China has to find a way to continue its rapid growth without choking to death. Literally.
When I landed in Beijing last week, the sky was a brownish miasma through which distant landmarks were only faintly visible. The moment I stepped outside the city's vast airport, I noticed an acrid hint of burning coal in the all-too-palpable air. The next day, when I went to see the Great Wall, China's most famous cultural treasure was wreathed in a gauzy shroud of pollution.
In Shanghai, the story was much the same. The city seemed to hide itself in an obscuring haze. Skyscrapers revealed themselves suddenly; you got close enough and all at once a huge building appeared. It was as if the architecture had decided to play hide-and-seek.
Even Hong Kong's skies were grayish rather than blue when I landed here Sunday. The last time I visited the city, about 15 years ago, the sky was crystalline. Locals say that smog from the churning factories of southern China often drifts over Hong Kong -- nothing like the pall that encloses Beijing and Shanghai, but enough to notice.
Pollution is just one of the mega-problems this country must solve as it continues its unprecedented pace of development. One week and change in China does not an expert make. But my solid first impression is that for the foreseeable future, the authoritarian Chinese leadership is going to have to focus attention and resources inward. What they're attempting is a high-wire act extraordinaire.
China now has the world's second-largest economy, but it also has 1.4 billion people, an estimated 500 million living in dire poverty. Per-capita gross domestic product is just $4,300 a year, compared to about $47,000 in the United States. In glittering Shanghai, where celebrity chefs service a Gucci-clad clientele along the historic Bund, I walked through a maze of alleys where the tiny, run-down homes lack even indoor plumbing.
Keeping the gap between rich and poor from becoming a permanent chasm -- and a source of social unrest -- is another daunting challenge. The government has raised the minimum wage and moved toward establishing a more effective social safety net. But even if the current pace of economic growth can be sustained, turning China into a middle-class nation will take decades.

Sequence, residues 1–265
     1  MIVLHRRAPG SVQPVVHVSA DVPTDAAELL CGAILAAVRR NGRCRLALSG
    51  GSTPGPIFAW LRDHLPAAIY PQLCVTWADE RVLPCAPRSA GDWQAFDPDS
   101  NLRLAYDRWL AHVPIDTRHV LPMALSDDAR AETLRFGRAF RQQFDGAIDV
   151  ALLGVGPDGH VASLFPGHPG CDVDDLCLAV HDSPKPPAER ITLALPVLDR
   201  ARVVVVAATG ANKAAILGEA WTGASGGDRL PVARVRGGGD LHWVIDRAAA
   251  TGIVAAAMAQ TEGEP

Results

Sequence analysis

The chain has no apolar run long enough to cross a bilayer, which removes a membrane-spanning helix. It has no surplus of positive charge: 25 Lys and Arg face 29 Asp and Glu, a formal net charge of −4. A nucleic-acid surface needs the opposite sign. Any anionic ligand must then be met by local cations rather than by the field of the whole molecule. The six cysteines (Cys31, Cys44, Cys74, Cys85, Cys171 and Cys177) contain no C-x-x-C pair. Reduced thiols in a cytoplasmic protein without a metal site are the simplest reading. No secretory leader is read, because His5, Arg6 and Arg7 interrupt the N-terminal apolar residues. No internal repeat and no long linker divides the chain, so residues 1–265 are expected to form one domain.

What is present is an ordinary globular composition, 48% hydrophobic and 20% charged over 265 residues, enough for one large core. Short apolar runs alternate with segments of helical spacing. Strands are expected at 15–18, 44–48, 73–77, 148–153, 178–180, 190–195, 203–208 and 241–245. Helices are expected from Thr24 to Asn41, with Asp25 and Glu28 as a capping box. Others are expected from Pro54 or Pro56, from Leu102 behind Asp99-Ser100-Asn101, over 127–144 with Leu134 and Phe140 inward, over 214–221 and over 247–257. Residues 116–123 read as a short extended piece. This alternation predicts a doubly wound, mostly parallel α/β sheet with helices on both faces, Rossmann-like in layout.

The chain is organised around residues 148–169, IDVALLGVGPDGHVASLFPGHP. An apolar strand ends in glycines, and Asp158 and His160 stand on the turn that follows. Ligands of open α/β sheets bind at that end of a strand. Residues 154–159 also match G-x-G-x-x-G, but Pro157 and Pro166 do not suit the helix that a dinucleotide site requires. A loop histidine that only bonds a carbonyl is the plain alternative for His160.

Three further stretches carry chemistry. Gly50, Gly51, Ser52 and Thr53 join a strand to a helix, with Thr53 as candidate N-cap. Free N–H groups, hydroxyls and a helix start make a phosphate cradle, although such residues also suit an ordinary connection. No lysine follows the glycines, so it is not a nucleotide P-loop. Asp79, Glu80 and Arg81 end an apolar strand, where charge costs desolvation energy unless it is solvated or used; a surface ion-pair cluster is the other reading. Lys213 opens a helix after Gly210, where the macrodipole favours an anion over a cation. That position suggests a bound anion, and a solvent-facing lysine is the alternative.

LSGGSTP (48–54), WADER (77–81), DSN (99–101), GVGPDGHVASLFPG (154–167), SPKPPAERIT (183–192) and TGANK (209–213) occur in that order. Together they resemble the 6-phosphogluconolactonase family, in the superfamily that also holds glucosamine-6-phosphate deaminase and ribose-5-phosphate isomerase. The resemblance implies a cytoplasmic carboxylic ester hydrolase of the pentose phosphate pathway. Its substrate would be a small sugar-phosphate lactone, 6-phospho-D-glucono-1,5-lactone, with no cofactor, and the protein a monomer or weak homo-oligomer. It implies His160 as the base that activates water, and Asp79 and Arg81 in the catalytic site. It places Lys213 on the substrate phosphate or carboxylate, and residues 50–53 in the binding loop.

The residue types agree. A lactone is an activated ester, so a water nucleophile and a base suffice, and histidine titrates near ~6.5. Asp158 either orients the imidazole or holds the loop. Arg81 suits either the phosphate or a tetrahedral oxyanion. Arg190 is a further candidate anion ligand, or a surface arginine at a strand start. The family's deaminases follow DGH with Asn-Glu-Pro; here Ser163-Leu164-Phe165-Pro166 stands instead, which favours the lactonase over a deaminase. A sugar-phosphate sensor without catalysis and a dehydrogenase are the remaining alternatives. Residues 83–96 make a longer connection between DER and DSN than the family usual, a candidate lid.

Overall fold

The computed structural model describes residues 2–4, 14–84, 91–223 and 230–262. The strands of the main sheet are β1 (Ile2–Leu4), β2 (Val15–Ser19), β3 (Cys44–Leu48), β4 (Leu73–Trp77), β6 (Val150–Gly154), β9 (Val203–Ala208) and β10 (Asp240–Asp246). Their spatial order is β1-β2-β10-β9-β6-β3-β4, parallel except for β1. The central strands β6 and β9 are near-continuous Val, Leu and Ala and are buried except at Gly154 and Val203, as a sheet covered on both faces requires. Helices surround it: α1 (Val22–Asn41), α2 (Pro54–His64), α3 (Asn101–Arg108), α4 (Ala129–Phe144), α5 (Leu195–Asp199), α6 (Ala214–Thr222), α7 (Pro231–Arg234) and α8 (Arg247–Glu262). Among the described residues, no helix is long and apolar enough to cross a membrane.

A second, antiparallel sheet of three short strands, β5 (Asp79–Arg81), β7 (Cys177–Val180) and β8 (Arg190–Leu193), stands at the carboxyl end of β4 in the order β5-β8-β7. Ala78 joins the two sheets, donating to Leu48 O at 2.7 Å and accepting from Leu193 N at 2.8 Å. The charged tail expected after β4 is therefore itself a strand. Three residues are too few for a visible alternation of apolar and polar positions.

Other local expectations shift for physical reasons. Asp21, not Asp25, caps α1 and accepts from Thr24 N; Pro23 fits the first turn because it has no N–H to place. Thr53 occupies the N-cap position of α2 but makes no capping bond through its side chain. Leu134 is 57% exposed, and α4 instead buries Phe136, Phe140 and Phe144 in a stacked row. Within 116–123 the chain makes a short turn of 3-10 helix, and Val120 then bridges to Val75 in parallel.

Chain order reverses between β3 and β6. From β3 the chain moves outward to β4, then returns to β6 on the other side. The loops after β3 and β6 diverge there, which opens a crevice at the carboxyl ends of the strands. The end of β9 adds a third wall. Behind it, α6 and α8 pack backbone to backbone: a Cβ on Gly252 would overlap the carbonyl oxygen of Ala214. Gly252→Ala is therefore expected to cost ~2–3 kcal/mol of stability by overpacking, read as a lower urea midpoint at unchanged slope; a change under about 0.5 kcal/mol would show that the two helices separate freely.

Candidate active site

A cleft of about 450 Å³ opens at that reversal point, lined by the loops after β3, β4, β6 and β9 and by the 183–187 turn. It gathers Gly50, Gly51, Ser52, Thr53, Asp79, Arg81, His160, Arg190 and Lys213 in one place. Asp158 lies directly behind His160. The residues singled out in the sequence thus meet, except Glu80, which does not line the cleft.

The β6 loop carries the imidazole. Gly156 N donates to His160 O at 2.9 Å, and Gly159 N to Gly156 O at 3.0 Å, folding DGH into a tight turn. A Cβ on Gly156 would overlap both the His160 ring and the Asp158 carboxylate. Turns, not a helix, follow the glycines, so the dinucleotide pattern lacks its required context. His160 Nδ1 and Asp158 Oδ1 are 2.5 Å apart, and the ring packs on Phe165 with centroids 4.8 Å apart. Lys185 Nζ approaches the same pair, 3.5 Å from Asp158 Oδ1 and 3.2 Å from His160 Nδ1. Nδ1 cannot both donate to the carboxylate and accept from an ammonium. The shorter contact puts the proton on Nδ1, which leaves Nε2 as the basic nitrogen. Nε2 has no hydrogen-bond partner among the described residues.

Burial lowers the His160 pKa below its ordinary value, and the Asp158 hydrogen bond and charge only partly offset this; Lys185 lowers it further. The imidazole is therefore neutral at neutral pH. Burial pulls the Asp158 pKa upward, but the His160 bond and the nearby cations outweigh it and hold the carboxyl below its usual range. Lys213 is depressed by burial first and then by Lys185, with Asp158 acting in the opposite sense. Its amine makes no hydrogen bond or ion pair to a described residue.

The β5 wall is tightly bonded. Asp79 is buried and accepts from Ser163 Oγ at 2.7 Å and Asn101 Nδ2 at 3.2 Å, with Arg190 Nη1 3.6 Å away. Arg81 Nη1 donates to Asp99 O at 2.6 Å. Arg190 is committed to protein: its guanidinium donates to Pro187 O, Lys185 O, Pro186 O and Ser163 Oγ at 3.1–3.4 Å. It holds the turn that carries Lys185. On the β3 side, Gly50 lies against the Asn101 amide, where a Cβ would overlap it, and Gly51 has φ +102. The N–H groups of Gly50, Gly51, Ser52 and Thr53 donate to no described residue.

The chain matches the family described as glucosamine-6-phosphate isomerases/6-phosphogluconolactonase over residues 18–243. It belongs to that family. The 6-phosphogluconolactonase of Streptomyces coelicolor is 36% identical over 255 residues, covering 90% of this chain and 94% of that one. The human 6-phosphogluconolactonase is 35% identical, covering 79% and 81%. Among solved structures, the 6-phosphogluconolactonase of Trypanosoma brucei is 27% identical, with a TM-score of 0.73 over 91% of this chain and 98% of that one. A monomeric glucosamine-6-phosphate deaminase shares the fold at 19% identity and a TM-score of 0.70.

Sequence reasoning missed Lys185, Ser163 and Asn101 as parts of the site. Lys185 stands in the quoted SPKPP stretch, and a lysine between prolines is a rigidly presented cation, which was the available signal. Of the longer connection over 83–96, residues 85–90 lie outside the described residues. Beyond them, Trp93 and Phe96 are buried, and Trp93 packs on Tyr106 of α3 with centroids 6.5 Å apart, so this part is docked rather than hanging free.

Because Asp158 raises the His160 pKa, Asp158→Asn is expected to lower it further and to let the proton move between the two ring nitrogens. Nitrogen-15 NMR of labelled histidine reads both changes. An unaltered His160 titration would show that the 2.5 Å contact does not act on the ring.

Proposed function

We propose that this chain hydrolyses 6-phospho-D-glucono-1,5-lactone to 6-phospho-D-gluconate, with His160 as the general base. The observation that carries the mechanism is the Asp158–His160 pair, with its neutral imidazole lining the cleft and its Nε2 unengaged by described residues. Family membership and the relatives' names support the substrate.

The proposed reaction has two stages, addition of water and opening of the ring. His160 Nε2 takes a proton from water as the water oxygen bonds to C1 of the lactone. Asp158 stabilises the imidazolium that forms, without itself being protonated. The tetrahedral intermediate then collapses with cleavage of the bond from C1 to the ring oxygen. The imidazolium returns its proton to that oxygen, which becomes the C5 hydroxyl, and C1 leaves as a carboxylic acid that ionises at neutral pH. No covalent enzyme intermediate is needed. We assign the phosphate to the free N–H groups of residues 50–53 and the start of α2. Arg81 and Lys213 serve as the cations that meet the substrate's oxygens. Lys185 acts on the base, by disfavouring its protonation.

The rich are reportedly feeling vulnerable. Wags in the capital gossip about tycoons who have sent their families -- and their money -- abroad. Just in case.
China also has to manage an unceasing flood of migration from the countryside to the cities. According to the 2010 census, the Chong-qing metropolitan area is home to nearly 29 million people; Shanghai, 23 million; Beijing, 20 million; Chengdu, 14 million; Guangzhou, 13 million. There must be housing, and sewer and electricity lines to service sprawling neighborhoods, and police protection. Oh, and jobs.
There is also the issue of corruption. Dingli Shen, a professor at Shanghai's elite Fudan University, said that the Chinese understand when officials are greedy, but not too greedy. Some government and Communist Party officials, he said, are "now on the brink of unreasonable greediness."
But according to Shanghai pollster Victor Yuan, the government is doing fairly well. Yuan has been doing opinion research in China for nearly 20 years, and he said that according to recent polling, about 65 percent of Chinese citizens believe the government is responsive to their needs.
I spoke with entrepreneurs, executives and even intellectuals who genuinely believe that the Chinese system, though undemocratic, is delivering amazing results.
I think the most visible test will be how China deals with the noxious pollution that is a woeful fact of daily life. What legitimate government fails to secure for its citizens the right to breathe?
Watch the air.